|Macario Sakay (third from left, front row) with his Cabinet: (first row, left to right) Julián Montalan, Francisco Carreon, Sakay, Lucio de Vega (second row, left to right) León Villafuerte, Benito Natividad.|
|President of the Philippines
May 6, 1902 – July 14, 1906
|Vice President||Francisco Carreón|
|Preceded by||Miguel Malvar|
title next held by Manuel Quezon
Tondo, Manila, Philippines
|Died||September 13, 1907 (aged 37)
Republika ng Katagalugan
Sakay continued resistance against the United States following the official American declaration of the Philippine-American War's end in 1902 and in the following year became president of the Tagalog Republic,
Sakay was conned by the Americans into coming down from the mountains on promise of amnesty for him and his officials, on top of the formation of Philippine Assembly composed of Filipinos to serve as the 'gate of freedom. His surrender was made to be a prerequisite for a state of peace that would supposedly ensure the election of Filipino delegates to the Philippine Assembly. Sakay believed that the struggle has shifted to constitutional means, with the Assembly as means to winning independence.
Dominador Gómez, a Filipino labor leader, was authorized in 1905 by Governor General Henry Clay Ide to negotiate for the surrender of Sakay and his men. Gómez met with Sakay at his camp and argued that the establishment of a national assembly was being held up by Sakay's intransigence, and that its establishment would be the first step toward Filipino independence. Sakay agreed to end his resistance on conditions that a general amnesty be granted his men, that they be permitted to carry firearms, and that he and his officers be permitted to leave the country. Gómez assured Sakay that these conditions the would be acceptable to the Americans, and Sakay's emissary, General León Villafuerte, obtained agreement to them from the American Governor-General. Sakay and Villafuerte traveled to Manila, where they were welcomed and invited to receptions and banquets. One invitation came from the Constabulary Chief, Col. Harry H. Bandholtz. That invitation was a colonial trap and Sakay and his principal lieutenants were disarmed and arrested while the party was in progress.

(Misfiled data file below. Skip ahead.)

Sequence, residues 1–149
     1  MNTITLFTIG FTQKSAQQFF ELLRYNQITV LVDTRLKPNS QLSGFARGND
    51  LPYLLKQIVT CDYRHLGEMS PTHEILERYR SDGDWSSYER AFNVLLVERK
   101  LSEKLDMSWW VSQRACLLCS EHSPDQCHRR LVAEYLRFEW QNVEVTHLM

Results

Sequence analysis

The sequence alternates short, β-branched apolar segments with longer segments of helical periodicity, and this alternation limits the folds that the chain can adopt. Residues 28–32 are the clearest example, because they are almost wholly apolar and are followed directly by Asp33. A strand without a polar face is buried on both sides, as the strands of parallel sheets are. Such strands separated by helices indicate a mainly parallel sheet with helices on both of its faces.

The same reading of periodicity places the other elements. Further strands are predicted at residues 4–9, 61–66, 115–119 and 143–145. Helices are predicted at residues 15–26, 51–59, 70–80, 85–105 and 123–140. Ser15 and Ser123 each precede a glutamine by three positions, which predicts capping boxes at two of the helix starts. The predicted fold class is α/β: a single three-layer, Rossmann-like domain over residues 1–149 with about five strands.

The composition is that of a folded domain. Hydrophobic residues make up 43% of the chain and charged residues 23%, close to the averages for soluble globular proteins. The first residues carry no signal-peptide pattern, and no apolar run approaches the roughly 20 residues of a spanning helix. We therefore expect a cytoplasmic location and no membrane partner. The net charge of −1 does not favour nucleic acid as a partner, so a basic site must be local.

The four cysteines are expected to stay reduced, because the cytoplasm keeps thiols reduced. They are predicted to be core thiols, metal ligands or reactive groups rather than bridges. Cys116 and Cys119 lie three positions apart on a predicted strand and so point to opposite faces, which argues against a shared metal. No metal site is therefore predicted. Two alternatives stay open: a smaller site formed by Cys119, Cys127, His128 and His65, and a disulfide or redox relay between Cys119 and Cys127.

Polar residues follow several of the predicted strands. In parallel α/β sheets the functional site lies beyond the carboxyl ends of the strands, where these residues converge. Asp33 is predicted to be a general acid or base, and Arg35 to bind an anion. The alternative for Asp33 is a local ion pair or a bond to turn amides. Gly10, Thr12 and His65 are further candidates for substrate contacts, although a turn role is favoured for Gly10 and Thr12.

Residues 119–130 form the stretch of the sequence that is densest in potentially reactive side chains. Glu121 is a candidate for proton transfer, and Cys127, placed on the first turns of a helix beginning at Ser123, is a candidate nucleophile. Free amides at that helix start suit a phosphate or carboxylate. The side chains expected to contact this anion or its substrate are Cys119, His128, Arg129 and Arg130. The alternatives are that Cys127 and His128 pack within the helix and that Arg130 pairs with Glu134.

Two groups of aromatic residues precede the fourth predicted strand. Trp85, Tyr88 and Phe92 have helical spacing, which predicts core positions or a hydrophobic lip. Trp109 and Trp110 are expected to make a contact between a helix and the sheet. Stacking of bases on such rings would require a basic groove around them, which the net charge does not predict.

Sakay was accused of "bandolerismo under the Brigandage Act of Nov. 12, 1902, which interpreted all acts of armed resistance to American rule as banditry." The colonial Supreme Court of the Philippines upheld the decision. On September 13, 1907, Macario Sakay was hanged. Before his death, he made the following statement:
"Death comes to all of us sooner or later, so I will face the Lord Almighty calmly. But I want to tell you that we are not bandits and robbers, as the Americans have accused us, but members of the revolutionary force that defended our mother country, the Philippines! Farewell! Long live the Republic and may our independence be born in the future! Long live the Philippines!"
Sakay was born in 1870 in Tabora Street, Tondo, Manila. He first worked as an apprentice in a calesa manufacturing shop. He was also a tailor, and an actor in some plays like Prince Baldovino, Doce Pares de Francia, and Amante de la Corona. An original member of the Katipunan movement, of which he joined in 1894, he fought alongside Andrés Bonifacio throughout the Philippine Revolution. In 1899, he continued the struggle for Philippine independence against the United States. Early in the Philippine-American War, he was jailed for seditious activities, and later released as part of an amnesty.